– Yeah, very much so when I first moved to Chicago, I remember I was driving along and clearly I was speeding and this policeman stopped me. And actually as I just been in the bank and I’d smashed a bottle of perfume all over these $100 bills. So I’d laid them all on my driving licence ’cause they were wet to dry out. And when this policeman stopped me, he said, do you know, you’re speeding?. I said, no, I didn’t know I was speeding. He said, well, look at the sign. I said, Oh, but you know, I’m from England and that square, I thought that was the speed limit, ’cause that’s what the speed – it wasn’t true. But I said, that’s what the speed limit And it gives me your licence. And he said, Hey lady, this is not downtown Chicago. Cause I just given him like $500 and I said, Oh no, if I was giving you money I wouldn’t give you five hundred, I’d give you $50. Who would give you $500?! I said smell it, it’s covered in channel number 5, I smashed my purfume and he actually laughed. And he gave me my licence back and you know, but it actually, it was true. I would never have given him all that money. I would have given him $50 if I was stupid enough to try and bribe him. But I wasn’t really trying to be funny, I was just saying, Oh no, that he found it very funny. I think he found the whole thing, the Englishness funny and the fact that, and then he couldn’t believe that, my licence expired in like 2037. I said, Oh yeah, in England you have a licence till you’re 100. And then it says an England, there’s no speed limit. It’s like the autobahns, there’s no speed limit at all. ..because I was on a roll then and thought that I could just tell him anything that believe me, I said, here we didn’t have a speed limit, we don’t have driving licence to never run out. And he was so impressed he went, “Wow, that’s amazing.” And then he handed me my licence back and then he let me off. Very lucky. And weirdly enough, about a moth later, he stopped me again. And he said, “Oh, you’re that funny girl?” And he said, “But don’t speed anymore in my precinct “cause the third time I’m going to have to give you a ticket.” So after that I was really much more careful.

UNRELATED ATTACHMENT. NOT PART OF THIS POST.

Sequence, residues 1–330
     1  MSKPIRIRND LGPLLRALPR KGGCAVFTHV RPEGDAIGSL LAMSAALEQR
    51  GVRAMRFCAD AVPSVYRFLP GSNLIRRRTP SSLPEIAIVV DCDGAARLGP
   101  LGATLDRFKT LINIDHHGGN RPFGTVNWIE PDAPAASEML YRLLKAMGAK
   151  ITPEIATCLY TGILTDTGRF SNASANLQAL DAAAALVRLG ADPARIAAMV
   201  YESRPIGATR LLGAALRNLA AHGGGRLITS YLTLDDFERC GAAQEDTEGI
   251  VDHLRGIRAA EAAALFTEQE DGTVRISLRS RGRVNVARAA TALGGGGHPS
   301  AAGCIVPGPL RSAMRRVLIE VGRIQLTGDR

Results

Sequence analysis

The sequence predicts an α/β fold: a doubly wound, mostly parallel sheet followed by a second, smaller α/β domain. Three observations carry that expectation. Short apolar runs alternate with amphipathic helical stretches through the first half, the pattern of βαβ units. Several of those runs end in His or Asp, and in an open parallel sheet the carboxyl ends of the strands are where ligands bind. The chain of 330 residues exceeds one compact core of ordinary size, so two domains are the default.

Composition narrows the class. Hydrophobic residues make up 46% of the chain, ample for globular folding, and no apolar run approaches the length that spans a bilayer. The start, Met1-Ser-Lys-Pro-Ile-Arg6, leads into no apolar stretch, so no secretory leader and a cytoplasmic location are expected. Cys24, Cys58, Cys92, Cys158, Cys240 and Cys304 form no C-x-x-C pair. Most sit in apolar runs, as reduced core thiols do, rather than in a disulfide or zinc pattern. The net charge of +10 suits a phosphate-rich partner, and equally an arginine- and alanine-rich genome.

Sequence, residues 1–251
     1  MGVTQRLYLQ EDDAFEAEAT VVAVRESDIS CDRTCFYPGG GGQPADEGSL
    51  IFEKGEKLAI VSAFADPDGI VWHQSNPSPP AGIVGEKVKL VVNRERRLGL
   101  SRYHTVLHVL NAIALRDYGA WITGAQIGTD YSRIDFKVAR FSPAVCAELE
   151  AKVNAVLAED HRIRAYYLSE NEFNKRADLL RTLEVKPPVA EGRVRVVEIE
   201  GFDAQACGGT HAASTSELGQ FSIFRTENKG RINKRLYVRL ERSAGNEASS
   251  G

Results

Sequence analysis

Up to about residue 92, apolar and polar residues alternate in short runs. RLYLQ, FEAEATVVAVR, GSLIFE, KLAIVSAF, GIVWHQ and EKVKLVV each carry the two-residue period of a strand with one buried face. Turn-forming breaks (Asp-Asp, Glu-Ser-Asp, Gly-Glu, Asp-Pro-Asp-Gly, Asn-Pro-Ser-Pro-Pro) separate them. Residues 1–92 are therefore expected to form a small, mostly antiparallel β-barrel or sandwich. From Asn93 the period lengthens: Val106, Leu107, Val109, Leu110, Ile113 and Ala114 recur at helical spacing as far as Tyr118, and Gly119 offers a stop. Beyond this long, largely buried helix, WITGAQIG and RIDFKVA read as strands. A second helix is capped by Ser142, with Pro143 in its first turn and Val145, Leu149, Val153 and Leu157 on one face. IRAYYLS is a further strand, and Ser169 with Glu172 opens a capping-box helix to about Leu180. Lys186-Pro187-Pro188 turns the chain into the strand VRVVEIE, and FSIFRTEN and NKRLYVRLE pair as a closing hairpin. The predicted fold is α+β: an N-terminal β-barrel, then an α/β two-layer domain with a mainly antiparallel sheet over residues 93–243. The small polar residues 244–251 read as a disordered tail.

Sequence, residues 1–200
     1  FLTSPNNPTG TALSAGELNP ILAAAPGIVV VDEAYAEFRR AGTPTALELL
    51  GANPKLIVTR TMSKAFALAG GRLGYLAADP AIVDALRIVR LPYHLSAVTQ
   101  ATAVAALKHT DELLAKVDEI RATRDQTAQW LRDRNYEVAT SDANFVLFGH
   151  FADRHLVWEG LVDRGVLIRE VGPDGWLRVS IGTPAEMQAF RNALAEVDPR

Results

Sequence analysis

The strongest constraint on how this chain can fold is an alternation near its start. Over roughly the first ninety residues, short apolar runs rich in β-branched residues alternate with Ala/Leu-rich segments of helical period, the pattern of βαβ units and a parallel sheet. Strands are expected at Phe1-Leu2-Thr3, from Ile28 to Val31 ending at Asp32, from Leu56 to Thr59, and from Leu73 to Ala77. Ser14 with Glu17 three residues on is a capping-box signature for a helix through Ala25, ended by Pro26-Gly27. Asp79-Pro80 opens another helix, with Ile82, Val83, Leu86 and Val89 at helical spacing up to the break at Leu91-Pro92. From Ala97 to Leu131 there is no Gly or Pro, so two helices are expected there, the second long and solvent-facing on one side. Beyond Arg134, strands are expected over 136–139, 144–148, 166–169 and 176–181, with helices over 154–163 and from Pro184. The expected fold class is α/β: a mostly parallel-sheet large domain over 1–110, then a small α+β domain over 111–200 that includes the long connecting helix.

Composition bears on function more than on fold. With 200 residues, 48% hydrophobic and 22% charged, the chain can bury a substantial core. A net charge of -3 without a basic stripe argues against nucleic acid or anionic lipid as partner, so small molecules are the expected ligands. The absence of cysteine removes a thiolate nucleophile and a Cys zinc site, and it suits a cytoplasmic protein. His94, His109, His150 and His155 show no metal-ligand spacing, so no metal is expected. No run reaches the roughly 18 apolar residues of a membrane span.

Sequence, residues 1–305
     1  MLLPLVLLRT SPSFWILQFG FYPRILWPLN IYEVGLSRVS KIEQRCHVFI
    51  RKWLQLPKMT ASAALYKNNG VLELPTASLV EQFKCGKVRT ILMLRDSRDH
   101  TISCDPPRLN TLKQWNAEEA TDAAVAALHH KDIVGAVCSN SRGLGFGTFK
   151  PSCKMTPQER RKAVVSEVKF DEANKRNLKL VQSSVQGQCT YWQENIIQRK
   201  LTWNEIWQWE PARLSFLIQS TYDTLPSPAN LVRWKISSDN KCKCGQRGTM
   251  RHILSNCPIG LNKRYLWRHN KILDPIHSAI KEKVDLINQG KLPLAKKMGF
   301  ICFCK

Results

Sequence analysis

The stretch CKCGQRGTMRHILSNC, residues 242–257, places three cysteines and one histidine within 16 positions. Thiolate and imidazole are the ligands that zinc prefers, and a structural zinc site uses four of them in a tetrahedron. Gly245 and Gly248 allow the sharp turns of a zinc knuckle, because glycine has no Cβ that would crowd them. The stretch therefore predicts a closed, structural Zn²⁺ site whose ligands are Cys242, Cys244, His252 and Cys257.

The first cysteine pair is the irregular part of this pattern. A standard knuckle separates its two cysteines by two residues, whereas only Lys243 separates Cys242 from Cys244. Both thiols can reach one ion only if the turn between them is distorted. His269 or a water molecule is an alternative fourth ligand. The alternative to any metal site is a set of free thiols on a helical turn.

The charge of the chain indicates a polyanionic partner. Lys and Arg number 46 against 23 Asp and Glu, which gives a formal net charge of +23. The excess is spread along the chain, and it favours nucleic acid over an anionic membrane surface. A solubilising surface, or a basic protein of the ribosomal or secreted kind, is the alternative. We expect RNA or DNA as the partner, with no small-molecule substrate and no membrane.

– That’s a brilliant story. In business, ’cause I want to go back to business ’cause a lot of our listeners work in business and I know you work with CEOs all the time, and leadership and do leadership talks. In business is it survival of the fittest, or survival of the funniest?

– I guess in business it’s survival of the fittest. I don’t think, I think it’s great to be funny in business too. I think you should be funny in every area of life. I think funny in church, funny in hospital, funny in school. I think there isn’t a place where you can’t be funny. But I think in business, you can almost be too funny. And I think in the boardroom when you’re coming up with ideas, it’s probably a good idea to put a lid on that. When you’re presenting, if you’re always using humour, you just wouldn’t be taken seriously I think there’s a time and a place. But if you were presenting an idea, pitching an idea, then I think it’s a bit like, that what, that’s the whole thing in The Office with Ricky Gervais is that was all about that he was always trying to be funny, and no one else thought he was funny. So I think sometimes you have to reign that in and put on your professional hat and go to work and do your professional job. And yeah, you can find a place for being funny, but probably in the boardroom, I would say no.

– Well, we’ve come to that bit of the show, which we call quick-fire questions. And every time I say quick-fire questions, it’s like I’ve got a little jingle going. And one of our guests who was in Queen – is in Queen Spike – Spike Edney, wrote me a jingle. So there will be a jingle here now, because Spike wrote it live on air. So quick-fire questions, Marisa Peer, who is the funniest business person you’ve met?